Howver, it should be pointed out that these were achievements of people brought up in the Islamic world, not the achievements of Islam as such. There was much intellectual dispute between Islamic philosophers and the Islamic theologians.

You ask an interesting question, which is : how should we call it ? Islamic Golden Age, Arabic Golden Age, or even Abbasid Golden Age which has been proposed by some people ? The language used was Arabic throughout the empire, there is no questioning that. It played a role similar to Latin in Europe. It was the scholarly language just like Latin was. Persians were using it, Christians, Jews, Berbers, etc.. It is also remarkable that the capital of the empire was never in the Arabian peninsula. And when you think of it : how could a nomadic people from a desert land, with no particular background or history, could build an empire that stretched far and wide, and how could their language become the scholarly language throughout this empire, and all that in such a short period of time ? It's mind-boggling. Languages of that era that could represent abstract concepts with nuances were very few. And it is to be noted the Arabic language was for a large part developed in order to express all the nuances of the Quran. For these reasons, the Quran and the Arabic language are closely tied. And for these reasons also, the Arabic language was well adapted to the pursuit of nuanced knowledge, like philosophy, physics, etc..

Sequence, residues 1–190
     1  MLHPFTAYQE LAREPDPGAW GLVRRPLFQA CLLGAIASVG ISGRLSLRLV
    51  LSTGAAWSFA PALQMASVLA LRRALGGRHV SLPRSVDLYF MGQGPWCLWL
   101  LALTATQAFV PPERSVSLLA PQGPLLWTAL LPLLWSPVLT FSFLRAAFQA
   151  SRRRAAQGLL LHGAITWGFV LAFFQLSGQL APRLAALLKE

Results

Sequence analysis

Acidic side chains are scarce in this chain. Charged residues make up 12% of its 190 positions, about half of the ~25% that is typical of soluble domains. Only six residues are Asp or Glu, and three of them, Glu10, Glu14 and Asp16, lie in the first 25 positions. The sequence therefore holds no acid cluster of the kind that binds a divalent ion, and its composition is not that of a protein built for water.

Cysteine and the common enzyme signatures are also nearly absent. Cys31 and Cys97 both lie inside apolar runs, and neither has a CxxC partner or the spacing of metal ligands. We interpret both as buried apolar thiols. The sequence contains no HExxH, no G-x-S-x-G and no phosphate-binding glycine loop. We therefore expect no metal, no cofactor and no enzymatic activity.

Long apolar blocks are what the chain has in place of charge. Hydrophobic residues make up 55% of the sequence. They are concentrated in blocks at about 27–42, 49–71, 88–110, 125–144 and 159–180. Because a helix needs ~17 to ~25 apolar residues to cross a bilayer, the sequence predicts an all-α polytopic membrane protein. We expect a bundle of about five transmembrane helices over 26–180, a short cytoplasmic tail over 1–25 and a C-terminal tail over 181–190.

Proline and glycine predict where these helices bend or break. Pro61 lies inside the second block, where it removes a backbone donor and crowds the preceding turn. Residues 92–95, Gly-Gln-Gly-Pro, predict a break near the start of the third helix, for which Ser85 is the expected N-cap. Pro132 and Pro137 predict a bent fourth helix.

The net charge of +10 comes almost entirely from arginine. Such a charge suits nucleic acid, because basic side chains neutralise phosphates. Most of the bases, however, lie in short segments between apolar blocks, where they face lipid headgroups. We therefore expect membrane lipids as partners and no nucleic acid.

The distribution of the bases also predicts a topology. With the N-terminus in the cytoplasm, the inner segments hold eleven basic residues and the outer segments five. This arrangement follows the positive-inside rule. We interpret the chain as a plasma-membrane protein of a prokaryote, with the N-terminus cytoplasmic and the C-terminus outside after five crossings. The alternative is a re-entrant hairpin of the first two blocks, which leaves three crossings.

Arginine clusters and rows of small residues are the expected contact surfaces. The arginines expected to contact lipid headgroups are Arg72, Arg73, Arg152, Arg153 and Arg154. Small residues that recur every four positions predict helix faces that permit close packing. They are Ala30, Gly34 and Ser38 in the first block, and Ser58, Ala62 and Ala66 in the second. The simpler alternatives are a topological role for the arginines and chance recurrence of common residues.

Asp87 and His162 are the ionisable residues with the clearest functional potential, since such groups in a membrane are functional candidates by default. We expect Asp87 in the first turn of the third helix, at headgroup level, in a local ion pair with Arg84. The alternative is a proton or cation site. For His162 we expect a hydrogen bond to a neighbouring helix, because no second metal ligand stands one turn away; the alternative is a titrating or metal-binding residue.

So if we summarize, they brought 2 things with them during their conquest, their language and their religion. And we could add to that a third thing which is their values as a nomadic people living in harsh desert conditions, which include values like hospitality, a minimum of cooperation, an interest and a curiosity for everything that is foreign and unknown, some sort of magnanimity towards the weak or the defeated. And this links to another interest of mine which is the life of nomadic hunter-gatherers in the pre-neolithic era, but that's for another topic. I often think about what would have happened to America if the Europeans never discovered it and if the Natives could have entered modernity by usual commercial and intellectual exchanges..

I don't look at the Quran as a divine book, but as a work of men that contains and expresses the social values of the time. Of course no religion has legs and arms to cut wood and build bridges by itself. It's all about humans.

As a side note, I remember some years ago that the president of France went to Sub-Saharan Africa(I don't remember which country, I could look it up but it's not important), and he said something that created controversy. He said that "it was time for Africa to enter History". Many took that as an insult. I remembered this some days ago as I was researching stuff. And I thought to myself that in a way it is true because they didn't invent a doctrine, a religion, or a set of ideas that could have unified them all under one banner and one ideal, just like Europe with Christianity, or Arabs with Islam, or India with Hinduism, or China, etc..

How would you call it if not Islamic Golden Age or Arab(ic) Golden Age ?
edit on 29-11-2017 by gosseyn because: (no reason given)

edit on 29-11-2017 by gosseyn because: (no reason given)




top topics



 
3

log in

join